RVC: Most of my fans come from the heavy-metal music community. During KISS’s 1996-97 reunion tour, I helped remaster and repackage over twenty albums by restoring the original elements, track listings, cover art, etc. I also consulted on two compilation albums and designed merchandise including lunch boxes, books and — you guessed it — trading cards! Most of my contributions are still in-print and, seeing my name in over a dozen languages worldwide today, is overwhelming. Sharing that with my kids is the greatest gift ever.

CM: What are your current projects?

GG: I’ve got six books coming out next year (three of them Abrams SW related), and a John Travolta racing car movie I co-wrote will be shooting in 2016 as well, right after he finishes GOTTI. I’m also doing a documentary about Steven Spielberg’s original TV composer Billy Goldenberg (DUEL, among others), not to mention various card sets for Topps. So yeah, I keep myself busy.

RVC: I’ve contributed my collection for the next three volumes of STAR WARS: THE ORIGINAL TOPPS TRADING CARD SERIES including THE EMPIRE STRIKES BACK, RETURN OF THE JEDI and STAR WARS GALAXY. I’m also writing a graphic novel — a memoir influenced on my life. I’m scheduled to co-author another book focused on arguably once of the most revolutionary forms of entertainment in history. I consult for companies that specialize in classic intellectual properties. Throw in an upcoming crowdfunding project and I think that’s a good start for 2016.

Marc Alan Fishman: #DarkSideMatters

han solo star wars episode 7

By the time you read this, there will only be 46 days, 5 hours, 29 minutes, and 7 seconds until Star Wars: The Force, Black to the Future debuts. OK, I’m not even sure if that time calculation is right. I mean, who knows when you actually read my article, right? The point should not be missed though: the hype train is in full force for the next installment in Mickey Mouse’s epic empire. And boy howdy, could I give two poops less about it all.

Forgive me, Star Wars fans. The force is so very, very weak with me. My generation didn’t grow up with Star Wars, unless we had older brothers or sisters. Return of the Jedi debuted when I was two. And by the time I was old enough to even absorb any of the original trilogy, video rental was still only a rare occasion in my household, although Voltron was the singular entity that was a must. When Lucas re-released A New Hope and its brethren, I was deep within the heart of my own adolescence; so I eventually came to understand and appreciate the fandom. I won’t lie: I bought myself a lightsaber. I owned more than a few of the franchise video games, X-Wing vs. Tie Fighter being the crown jewel. I even spent a summer enjoying the collectible card game. But all of this was at an arm’s length.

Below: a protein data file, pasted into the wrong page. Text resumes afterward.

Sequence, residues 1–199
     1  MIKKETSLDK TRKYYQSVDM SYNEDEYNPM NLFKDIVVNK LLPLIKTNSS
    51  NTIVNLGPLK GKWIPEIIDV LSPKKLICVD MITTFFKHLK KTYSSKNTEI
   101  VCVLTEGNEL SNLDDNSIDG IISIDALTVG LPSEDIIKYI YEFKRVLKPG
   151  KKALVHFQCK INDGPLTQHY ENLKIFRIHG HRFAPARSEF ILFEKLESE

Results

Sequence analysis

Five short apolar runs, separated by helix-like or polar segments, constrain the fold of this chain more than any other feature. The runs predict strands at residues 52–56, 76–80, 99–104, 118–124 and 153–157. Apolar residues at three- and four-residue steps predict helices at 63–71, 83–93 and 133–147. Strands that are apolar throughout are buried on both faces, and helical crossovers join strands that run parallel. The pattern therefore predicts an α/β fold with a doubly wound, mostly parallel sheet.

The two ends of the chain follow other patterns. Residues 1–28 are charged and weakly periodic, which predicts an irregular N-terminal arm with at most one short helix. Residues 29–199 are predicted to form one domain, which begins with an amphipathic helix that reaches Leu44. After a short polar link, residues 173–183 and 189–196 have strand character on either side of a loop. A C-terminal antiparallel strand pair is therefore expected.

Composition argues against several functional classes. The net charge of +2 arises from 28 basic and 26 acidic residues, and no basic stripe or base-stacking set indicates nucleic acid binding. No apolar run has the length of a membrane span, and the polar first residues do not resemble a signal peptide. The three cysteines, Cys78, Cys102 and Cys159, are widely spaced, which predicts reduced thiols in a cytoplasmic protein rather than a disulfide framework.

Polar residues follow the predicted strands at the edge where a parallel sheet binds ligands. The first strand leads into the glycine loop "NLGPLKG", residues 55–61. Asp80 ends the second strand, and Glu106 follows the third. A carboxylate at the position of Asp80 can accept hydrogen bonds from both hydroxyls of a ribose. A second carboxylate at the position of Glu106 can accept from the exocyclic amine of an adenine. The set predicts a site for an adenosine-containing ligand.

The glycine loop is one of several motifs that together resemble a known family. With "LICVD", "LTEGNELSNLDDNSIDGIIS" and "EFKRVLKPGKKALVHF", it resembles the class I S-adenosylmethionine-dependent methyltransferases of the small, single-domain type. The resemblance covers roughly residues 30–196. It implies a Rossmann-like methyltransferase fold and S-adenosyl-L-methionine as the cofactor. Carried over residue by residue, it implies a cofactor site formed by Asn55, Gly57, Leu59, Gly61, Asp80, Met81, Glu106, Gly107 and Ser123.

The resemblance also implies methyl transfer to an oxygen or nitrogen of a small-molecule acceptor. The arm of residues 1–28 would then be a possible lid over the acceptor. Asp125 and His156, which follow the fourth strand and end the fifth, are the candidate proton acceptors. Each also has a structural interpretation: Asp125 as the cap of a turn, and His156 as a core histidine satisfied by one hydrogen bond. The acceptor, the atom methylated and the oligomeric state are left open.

When Phantom Menace debuted, I recall the insanity that swept the nation. Star Wars permeated every available licensing opportunity in every retail establishment as far as the eye could see. And then the movie actually came out. I remember the apologists extremely well. Sure, look past the overused CGI. Ignore the banal plot circling around trade negotiations. Pay no attention to Jar Jar Binks, Watoo, or any of the other obvious stereotypes that apparently caused no undue stress for the focus groups. But we all knew it. As good as the original movies were, the next generation of Star Wars felt hollow. When they made A New Hope, you could feel the … well… hope. By the time we’d reached Jedi, Star Wars was more machine than man. The prequels never had a chance.

Time heals all wounds … and J.J. Abrams heals all franchises. At least enough to please Disney and Lucas to pass the reigns over to him. And well they should. I happened to catch his Star Trek on basic cable the other night (I’d seen it in theater, but not since), and truly it held up. Not that any previous Trek movies were ever Star Wars in terms of mass appeal and profit, but the concept remains the same: Abrams is handed the keys to the castle, and is left to accentuate what we love, and maybe shine it up a little bit. But mark my words, we’ll be one misplaced lens flare away from instant satire.

But that isn’t why I’m ranting today.